Muslims, Chaldeans or Kurds, were trying to spread seeds of peace. That
series had an extraordinarily large audience.
Another opportunity we have is to give a balanced account of events
thanks to our deep insight into a situation and to our specific
knowledge of a certain context. This can help to ease tensions and to
remind people not only of the previous conflicts but also of periods of
peaceful coexistence. The press on the Gandhian movement is an
excellent example in this respect. Also, recently in Punjab some of the
media have greatly contributed to what seems to be an easier and calmer
relationship between India and Pakistan.
I want to mention another opportunity that the media have. Once
politics no longer works, once diplomacy is no longer functioning, the
media may still have some space left to keep communication going and to
keep some hope of peaceful coexistence alive. I am thinking, for
instance, of what happened in Kigali, the Rwandan capital. A private
Catholic radio broadcaster managed to keep giving some unbiased
information: this probably contributed in the last few years to
avoiding a new outburst of interethnic conflicts in the city.
The media that specifically deal with the dialogue between different
civilizations and different religions also have another very important
opportunity. That is, they can give voice to ethnic and religious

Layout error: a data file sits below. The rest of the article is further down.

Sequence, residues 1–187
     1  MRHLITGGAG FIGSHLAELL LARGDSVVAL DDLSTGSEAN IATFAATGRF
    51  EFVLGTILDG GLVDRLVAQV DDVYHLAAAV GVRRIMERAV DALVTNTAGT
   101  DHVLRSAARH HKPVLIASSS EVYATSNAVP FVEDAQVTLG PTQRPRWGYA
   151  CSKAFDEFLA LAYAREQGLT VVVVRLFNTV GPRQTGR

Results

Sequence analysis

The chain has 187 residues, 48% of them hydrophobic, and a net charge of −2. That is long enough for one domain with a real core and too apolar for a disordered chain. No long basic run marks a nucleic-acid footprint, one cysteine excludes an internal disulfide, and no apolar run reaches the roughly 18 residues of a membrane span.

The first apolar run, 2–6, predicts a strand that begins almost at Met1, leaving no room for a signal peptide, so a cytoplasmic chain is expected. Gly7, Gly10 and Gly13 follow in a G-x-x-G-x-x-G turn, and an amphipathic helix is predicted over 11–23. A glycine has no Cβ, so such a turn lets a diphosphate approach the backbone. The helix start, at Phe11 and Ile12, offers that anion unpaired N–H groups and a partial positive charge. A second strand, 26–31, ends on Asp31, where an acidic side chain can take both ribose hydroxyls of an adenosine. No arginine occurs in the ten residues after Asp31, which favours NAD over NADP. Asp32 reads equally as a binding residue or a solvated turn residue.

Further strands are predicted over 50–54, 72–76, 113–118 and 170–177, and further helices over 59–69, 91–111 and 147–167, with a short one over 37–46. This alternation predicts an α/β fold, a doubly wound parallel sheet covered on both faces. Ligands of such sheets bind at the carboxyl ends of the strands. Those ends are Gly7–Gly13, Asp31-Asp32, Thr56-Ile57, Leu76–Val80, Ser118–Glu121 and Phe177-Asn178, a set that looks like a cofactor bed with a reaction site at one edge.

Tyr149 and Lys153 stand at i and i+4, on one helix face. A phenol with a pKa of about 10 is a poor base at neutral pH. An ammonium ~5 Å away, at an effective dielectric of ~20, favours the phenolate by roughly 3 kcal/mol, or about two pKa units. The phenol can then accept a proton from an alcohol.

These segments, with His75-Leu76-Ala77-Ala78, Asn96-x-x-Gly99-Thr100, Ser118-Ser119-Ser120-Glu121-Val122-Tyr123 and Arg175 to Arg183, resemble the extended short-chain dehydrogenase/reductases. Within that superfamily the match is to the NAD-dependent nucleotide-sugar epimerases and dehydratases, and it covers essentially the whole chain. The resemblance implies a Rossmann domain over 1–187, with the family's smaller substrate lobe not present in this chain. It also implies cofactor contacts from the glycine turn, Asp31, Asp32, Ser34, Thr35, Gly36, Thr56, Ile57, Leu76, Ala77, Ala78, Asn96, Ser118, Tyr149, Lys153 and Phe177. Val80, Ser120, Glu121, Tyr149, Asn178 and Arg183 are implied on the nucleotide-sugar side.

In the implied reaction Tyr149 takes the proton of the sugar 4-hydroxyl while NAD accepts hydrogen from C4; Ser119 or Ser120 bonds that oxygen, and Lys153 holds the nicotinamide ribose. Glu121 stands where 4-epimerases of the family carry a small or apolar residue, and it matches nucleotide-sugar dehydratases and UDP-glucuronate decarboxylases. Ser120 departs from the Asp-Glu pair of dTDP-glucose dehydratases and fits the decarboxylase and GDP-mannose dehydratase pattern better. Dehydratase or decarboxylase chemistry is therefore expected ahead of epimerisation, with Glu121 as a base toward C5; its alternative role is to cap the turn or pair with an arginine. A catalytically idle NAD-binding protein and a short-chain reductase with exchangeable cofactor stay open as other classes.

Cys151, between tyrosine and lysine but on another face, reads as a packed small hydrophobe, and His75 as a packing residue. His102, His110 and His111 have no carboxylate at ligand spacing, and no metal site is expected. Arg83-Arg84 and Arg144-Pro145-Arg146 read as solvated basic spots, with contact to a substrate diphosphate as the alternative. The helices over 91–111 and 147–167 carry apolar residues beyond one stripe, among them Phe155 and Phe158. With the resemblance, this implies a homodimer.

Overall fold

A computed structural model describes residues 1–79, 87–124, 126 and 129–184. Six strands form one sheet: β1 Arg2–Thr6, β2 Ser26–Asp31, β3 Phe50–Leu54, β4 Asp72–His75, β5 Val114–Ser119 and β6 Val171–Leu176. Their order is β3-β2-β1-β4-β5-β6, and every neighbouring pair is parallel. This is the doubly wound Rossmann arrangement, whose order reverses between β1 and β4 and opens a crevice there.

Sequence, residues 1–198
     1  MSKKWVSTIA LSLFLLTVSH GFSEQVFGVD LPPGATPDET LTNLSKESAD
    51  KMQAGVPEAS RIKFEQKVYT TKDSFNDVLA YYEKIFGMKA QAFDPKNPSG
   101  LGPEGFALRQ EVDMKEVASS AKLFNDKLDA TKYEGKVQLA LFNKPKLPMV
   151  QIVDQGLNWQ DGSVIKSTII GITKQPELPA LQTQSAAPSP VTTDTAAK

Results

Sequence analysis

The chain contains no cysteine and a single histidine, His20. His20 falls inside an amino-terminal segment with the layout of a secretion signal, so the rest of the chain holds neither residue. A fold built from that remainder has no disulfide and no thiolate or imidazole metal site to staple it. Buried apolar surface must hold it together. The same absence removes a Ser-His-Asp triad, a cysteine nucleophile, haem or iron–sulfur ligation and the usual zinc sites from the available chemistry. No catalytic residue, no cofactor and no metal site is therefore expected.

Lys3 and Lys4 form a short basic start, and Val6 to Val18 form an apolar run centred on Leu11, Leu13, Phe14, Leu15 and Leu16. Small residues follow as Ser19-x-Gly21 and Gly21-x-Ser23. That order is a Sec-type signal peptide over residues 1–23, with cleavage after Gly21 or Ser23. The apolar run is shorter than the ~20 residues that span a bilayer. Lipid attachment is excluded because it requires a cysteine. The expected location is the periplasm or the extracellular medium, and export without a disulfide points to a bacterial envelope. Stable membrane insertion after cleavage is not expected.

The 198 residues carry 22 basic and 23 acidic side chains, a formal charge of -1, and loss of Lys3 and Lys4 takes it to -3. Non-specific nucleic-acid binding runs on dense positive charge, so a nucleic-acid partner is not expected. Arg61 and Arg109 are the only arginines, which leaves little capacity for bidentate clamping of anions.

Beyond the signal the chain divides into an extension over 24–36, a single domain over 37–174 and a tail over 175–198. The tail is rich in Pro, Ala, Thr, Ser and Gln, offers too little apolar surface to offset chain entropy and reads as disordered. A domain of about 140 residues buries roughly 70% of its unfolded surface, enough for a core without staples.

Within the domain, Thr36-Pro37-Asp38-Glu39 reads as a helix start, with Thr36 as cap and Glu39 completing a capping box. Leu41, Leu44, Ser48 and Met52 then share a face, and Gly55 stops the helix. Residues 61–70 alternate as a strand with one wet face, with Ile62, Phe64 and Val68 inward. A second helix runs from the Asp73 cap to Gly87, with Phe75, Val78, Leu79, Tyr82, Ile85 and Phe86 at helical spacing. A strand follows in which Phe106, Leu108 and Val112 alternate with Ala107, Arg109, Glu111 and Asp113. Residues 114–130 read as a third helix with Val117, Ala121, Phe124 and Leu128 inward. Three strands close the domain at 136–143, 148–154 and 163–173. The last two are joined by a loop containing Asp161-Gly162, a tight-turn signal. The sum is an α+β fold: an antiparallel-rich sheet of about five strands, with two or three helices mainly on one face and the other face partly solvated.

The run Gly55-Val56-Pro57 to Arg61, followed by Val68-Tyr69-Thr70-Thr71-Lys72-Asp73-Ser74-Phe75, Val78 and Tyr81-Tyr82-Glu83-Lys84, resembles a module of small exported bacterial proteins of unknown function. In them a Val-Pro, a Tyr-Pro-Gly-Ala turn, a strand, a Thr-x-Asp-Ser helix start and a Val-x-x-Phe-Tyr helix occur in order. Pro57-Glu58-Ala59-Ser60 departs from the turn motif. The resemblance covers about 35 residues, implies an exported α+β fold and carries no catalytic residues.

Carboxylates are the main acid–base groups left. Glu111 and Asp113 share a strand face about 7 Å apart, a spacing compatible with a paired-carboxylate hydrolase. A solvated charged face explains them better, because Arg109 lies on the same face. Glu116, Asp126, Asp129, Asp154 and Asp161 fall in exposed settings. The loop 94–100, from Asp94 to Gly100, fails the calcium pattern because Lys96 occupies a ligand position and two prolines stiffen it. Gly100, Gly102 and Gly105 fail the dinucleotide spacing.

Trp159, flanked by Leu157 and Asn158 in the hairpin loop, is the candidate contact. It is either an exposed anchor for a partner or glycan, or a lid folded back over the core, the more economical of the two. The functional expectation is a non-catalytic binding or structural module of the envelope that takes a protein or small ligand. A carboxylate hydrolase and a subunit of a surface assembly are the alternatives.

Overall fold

minorities, regardless of their numerical size and extent. Within the
context of interreligious or interethnic conflicts, allowing minorities
to express their own point of view helps to decrease tensions and to
Another possibility is to find stories related to interreligious
dialogue that can be appealing to the media. This is not always easy,
as often what at first looks like a "perfect story" is not necessarily
good for television or newspapers or the Internet. I have long been
involved in the production of such programs, and I am very satisfied
with the results. One could also envisage applying fiction to the area
of interreligious dialogue.
The Media and Religions
The five risks and the five opportunities I have mentioned involve
religious and specifically interreligious activities at various points,
and they underline the fact that the media and religions have to work